When childhood ends: estimating the age of young people

BMJ 2015; 351 doi: https://doi.org/10.1136/bmj.h6699 (Published 14 December 2015) Cite this as: BMJ 2015;351:h6699
  1. Daniel Messelken, researcher1,
  2. Johan Crouse, legal adviser2,
  3. David T Winkler, chair2
  1. 1Ethics Research Institute, Centre for Military Medical Ethics, University of Zürich, Zürich, Switzerland
  2. 2ICMM Centre of Reference for Education on International Human Law and Ethics, Centre for Military Medical Ethics, Zürich
  1. Correspondence to: D Messelken messelken{at}ethik.uzh.ch

Doctors should tread carefully through this ethical minefield

Minors are increasingly reaching countries far from their homes as migrants, and their ages are often unknown. In Europe, up to 1500 people per country annually have medical examinations and procedures to estimate their chronological age.1 These procedures can cause considerable harm to individuals, particularly if performed without appropriate safeguards. Inappropriate age estimation may deter minors from applying for asylum in specific countries, and doctors may find themselves exploited in the service of migration policy. During missions, military doctors face demands to estimate the age of child soldiers destined for potentially unlawful detention or interrogation. Doctors therefore need to be aware of the limitations of medically estimating age and the associated ethical problems.

Medical estimation of age is still inaccurate and the results are unreliable. Best medical practice recommends a multidisciplinary approach including radiological, dental, and general medical assessments.2 3 4 But all these methods have wide margins of error. Age estimations have standard deviations of more than 12 months and are limited by intraindividual discrepancies, racial differences, and poor inter-rater reliability. The most recent approaches using computed tomography or magnetic resonance imaging have been studied in only a few very small cohorts. Current methods cannot rule out overestimating the age of individuals within the critical range of 16-20 years.5 Erroneous estimations based on wrist radiography recently led to the prolonged detention or even wrongful imprisonment of minors and triggered a governmental report by the Australian Human Rights Commission.6

Ethically, it is hard to justify treating someone as an adult based on such unreliable data. Furthermore, age estimation procedures, including intimate assessments of sexual maturity, can cause psychological distress and harm, particularly to adolescents who have been exposed to war and other traumas. Exposing children to radiation during imaging is also potentially harmful, even if the doses are small.

Against this backdrop, is age estimation ever justified? Ethical principles primarily oblige doctors to care for the health of their patients. Estimating the age of children does not therefore constitute a core task of any medical system. However, international regulations and national laws grant minors special protection,7 and age estimation might, at first sight, be considered appropriate to prevent adults accessing the limited resources reserved for minors. In such cases, use of age estimation is a political decision, and authorities must define a legal framework in which it will operate. However, politically and legally accepted regulations are not necessarily ethically just. Doctors must decide whether to refuse to participate for conscientious reasons.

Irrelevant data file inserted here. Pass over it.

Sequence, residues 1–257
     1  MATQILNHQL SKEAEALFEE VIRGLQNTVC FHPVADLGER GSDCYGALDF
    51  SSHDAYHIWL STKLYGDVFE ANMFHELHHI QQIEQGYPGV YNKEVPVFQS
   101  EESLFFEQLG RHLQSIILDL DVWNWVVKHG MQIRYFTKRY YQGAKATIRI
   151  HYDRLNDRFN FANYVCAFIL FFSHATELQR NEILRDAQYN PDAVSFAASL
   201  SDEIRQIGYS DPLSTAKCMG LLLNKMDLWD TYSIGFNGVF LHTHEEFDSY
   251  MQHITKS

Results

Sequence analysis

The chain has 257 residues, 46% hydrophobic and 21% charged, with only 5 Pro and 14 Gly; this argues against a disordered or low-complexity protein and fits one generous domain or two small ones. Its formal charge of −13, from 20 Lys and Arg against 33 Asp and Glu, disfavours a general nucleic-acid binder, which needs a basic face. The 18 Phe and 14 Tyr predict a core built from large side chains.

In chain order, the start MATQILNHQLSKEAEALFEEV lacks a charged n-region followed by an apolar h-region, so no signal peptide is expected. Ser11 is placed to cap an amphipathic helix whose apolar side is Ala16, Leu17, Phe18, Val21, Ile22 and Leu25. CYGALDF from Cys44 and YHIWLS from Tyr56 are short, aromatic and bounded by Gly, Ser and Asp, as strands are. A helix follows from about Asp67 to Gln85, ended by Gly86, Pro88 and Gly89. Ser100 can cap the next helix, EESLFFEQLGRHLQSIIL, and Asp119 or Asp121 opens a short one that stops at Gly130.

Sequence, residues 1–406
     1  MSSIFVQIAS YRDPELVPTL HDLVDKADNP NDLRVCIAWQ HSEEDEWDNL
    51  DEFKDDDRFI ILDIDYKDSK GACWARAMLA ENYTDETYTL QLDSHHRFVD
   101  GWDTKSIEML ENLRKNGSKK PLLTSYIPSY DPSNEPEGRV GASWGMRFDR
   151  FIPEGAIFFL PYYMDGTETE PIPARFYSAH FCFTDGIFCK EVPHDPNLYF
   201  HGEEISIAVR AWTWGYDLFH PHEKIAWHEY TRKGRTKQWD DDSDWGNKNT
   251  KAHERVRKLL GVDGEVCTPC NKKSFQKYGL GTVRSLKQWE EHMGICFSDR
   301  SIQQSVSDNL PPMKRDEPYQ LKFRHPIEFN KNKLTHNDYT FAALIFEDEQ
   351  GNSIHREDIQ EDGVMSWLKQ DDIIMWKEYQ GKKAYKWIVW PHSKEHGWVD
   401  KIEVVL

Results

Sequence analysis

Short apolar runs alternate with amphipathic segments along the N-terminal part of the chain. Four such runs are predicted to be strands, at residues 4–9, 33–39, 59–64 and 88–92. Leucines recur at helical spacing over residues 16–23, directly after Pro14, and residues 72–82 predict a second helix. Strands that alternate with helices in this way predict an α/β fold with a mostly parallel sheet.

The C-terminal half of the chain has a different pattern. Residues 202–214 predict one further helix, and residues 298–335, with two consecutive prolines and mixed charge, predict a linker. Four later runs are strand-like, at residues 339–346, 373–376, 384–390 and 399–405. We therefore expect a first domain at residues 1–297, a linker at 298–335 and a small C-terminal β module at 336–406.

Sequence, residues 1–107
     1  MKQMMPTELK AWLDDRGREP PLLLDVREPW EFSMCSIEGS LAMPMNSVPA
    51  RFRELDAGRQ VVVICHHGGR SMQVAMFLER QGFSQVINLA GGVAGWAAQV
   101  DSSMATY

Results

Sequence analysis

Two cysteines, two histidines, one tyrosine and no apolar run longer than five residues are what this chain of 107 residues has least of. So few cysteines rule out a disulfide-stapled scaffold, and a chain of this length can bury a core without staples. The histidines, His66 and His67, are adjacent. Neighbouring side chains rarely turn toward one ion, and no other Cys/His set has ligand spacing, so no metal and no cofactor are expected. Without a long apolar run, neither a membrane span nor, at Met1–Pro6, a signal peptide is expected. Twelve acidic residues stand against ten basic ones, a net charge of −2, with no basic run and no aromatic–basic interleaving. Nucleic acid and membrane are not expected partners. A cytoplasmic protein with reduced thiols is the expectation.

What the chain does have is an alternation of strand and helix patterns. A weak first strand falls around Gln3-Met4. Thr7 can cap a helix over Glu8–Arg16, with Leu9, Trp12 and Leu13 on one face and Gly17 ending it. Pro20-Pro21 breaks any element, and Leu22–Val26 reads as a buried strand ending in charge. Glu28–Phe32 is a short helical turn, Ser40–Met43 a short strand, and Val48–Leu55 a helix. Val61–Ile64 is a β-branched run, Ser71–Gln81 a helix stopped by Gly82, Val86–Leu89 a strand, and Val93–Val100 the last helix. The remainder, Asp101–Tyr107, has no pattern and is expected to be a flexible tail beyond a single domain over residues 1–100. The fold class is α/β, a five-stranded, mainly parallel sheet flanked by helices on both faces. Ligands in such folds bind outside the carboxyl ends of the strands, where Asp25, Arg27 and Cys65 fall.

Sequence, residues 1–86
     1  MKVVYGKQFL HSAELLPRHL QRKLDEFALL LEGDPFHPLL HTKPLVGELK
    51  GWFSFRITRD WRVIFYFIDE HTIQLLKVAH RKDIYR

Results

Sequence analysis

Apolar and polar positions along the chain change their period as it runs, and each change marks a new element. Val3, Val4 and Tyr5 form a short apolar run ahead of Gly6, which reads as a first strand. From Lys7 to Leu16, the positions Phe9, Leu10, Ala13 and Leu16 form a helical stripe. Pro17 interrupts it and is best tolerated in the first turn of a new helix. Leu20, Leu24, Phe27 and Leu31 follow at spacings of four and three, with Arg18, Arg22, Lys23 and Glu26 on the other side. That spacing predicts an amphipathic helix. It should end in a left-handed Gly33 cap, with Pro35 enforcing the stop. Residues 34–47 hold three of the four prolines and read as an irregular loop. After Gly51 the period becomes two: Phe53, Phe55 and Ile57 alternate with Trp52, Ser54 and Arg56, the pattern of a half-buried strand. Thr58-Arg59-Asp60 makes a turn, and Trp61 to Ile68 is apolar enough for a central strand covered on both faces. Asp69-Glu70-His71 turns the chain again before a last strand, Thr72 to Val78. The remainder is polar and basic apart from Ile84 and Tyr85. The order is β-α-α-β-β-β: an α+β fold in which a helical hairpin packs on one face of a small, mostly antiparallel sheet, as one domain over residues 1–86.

Age estimation can only be ethical in contexts where the protection and preferred treatment of minors is guaranteed according to international conventions. It is indefensible under any circumstances if the findings could potentially result in subsequent harsh interrogation, illegal imprisonment, or other serious harm.

The basic principles of medical ethics—informed consent, non-maleficence, and proportionality—must also be guaranteed.8 9 Genuine and voluntary informed consent is undermined when young migrants are forced to accept age estimation in order not to be considered adult. State authorities should develop sustainable approaches to managing the needs of young people, rather than get distracted by over-reliance on inaccurate estimations of age.10

Ethically, age estimation should therefore remain a method of last resort. If it must be done, then best practice principles should be applied diligently. Age must be estimated only by specifically trained doctors who are familiar with the evidence and have access to adequate technical equipment. Reports of age estimation must be clear and complete and respect medical confidentiality. They must include details of the methods used and their limitations, the findings, and a discussion of the likely margin of error. Individuals must be given the full benefit of the doubt and assigned the youngest possible age according to the examination findings. Reports must detail who made the estimate and advise on the possibility of appeal. Institutions performing age estimations should support an interdisciplinary network to ensure academic quality control.

Various European countries have begun to implement a more holistic approach, including structured interviews.1 8 They may not be any more accurate, but holistic approaches are ethically preferable because they focus on the maturity of the person and not on their chronological age, in line with the UN Convention on the Rights of the Child. More research is clearly desirable to develop more reliable, less harmful techniques and to improve holistic approaches to estimating age. For now, the widespread use of unreliable estimation remains ethically questionable.


Cite this as: BMJ 2015;351:h6699


  • Competing interests: We have read and understood BMJ policy on declaration of interests and have no relevant interests to declare.

  • Provenance and peer review: Not commissioned; externally peer reviewed.


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